Omitting the Maccabees
Why the books that tell the Hanukkah tale are not in the Hebrew Bible.
There are various theories to explain the exclusion of the apocryphal books. One theory is that only books written originally in Hebrew were considered for inclusion in the canon. However, the Book of Daniel, although included within the canon, is to a large extent written in Aramaic. Even more problematic is the fact that scholars believe that the First Book of Maccabees was indeed written originally in Hebrew, therefore meeting the language criterion for inclusion--and yet it is absent from the biblical canon.
Another theory to explain the omission of the first two Books of Maccabees is based on the dating of these documents. Although it is often assumed that the biblical canon was formalized at Jamnia, there is some speculation that the accepted list of books was in existence long before. In other words, perhaps the gathering of rabbis at Jamnia inherited a list of documents already unofficially recognized as canonical and simply formalized this list.
If this is true, the relatively late date of the Maccabean revolt would preclude its inclusion in an already accepted previous list. It would be too "new" a book for serious consideration, since it had no history grounding it securely within tradition. This theory, however, is severely weakened through a comparison with the Book of Daniel, since Daniel is included within the biblical canon in spite of the fact that most scholars date the latter book to the time of the Maccabean revolt around 165 B.C.E.--in other words, to the time of the story related in the Books of Maccabees.
It has also been suggested that the exclusion of the Books of the Maccabees can be traced to the political rivalry that existed during the late Second Temple Period between the Sadducees and the Pharisees. The Sadducees, a priestly class in charge of the Temple, openly rejected the oral interpretations that the Pharisees, the proto-rabbinic class, openly promoted. The Maccabees were a priestly family, while the rabbis who may have determined the final form of the biblical canon at Jamnia were descended from the Pharisees. Is it possible that the exclusion of the Books of Maccabees was one of the last salvos in the battle between the Pharisees and Sadducees? Would the rabbis at Jamnia have been inclined to canonize a document that so clearly praised the priestly Hasmonean family?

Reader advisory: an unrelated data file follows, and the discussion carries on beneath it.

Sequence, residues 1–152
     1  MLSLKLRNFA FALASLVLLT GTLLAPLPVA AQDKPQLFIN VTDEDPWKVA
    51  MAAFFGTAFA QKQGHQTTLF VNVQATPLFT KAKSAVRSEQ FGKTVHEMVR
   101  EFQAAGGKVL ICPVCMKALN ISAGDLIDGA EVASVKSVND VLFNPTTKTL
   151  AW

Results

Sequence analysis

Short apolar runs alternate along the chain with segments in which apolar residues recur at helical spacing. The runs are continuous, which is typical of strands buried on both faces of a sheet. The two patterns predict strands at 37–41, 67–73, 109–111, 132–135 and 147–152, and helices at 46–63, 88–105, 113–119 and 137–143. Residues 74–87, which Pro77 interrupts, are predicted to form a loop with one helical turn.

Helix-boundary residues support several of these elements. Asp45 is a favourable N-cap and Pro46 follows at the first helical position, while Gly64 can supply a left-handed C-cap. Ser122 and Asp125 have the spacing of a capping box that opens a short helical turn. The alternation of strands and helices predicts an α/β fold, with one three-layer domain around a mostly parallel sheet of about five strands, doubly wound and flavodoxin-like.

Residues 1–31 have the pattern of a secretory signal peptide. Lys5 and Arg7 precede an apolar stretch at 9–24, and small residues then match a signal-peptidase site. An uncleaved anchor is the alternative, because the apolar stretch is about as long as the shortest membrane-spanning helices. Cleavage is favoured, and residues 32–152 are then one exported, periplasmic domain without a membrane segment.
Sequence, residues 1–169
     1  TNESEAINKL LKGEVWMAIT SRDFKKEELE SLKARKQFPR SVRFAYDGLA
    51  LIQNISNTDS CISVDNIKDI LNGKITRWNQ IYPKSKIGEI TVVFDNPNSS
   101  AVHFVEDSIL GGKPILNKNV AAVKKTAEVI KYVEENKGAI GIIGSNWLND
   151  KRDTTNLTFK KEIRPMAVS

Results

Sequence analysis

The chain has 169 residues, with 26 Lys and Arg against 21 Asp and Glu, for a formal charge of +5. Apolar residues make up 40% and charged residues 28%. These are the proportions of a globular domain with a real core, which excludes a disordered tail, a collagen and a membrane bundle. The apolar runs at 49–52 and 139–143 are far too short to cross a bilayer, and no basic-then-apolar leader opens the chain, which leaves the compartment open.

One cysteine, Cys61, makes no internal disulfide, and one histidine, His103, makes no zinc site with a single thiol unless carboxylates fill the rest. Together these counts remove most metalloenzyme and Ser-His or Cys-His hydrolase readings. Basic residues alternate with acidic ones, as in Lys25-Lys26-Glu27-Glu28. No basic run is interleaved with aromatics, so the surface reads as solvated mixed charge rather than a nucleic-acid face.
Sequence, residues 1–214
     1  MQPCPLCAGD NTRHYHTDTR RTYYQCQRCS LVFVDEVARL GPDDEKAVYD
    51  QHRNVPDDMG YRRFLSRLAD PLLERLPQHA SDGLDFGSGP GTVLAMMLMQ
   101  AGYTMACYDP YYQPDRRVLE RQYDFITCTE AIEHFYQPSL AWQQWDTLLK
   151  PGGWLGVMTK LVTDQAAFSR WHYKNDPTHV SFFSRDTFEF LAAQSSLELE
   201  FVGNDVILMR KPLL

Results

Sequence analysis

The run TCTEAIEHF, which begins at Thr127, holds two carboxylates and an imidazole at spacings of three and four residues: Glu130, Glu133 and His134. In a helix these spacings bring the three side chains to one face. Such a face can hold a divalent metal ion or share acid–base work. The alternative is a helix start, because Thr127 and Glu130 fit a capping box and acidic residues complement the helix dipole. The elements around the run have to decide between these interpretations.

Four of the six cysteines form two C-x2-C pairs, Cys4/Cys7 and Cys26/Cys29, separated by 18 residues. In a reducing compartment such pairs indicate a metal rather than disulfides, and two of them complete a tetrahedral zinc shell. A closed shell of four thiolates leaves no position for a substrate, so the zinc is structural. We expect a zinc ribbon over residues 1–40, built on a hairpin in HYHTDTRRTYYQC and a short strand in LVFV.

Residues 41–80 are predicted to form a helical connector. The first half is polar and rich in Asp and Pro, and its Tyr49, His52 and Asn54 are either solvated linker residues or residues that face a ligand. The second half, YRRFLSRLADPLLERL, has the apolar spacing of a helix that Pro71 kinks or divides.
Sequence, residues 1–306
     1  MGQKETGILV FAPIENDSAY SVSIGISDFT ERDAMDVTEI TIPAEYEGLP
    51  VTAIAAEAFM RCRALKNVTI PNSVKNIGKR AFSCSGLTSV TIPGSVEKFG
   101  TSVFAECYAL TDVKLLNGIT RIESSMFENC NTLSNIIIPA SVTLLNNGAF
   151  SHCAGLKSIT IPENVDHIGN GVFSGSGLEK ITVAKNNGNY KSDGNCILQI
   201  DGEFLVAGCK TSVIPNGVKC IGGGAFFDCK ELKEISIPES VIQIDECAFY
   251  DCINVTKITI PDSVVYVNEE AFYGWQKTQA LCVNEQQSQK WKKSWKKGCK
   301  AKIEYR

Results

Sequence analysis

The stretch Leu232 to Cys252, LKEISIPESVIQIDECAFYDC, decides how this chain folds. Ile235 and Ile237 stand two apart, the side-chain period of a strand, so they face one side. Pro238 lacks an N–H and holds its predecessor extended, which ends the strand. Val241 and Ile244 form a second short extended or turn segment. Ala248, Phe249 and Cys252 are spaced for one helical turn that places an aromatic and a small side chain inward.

Pragmatism and Politics
Perhaps the answer lies more within the realm of pragmatism and politics. The Books of Maccabees describe the revolt led by the Maccabean family against the Syrian king, Antiochus Epiphanes. A couple of centuries later, Jewish scholars found themselves in Jamnia with the Temple destroyed and Jerusalem lost. Their circumstances were the result of their own failed revolt against the Romans.
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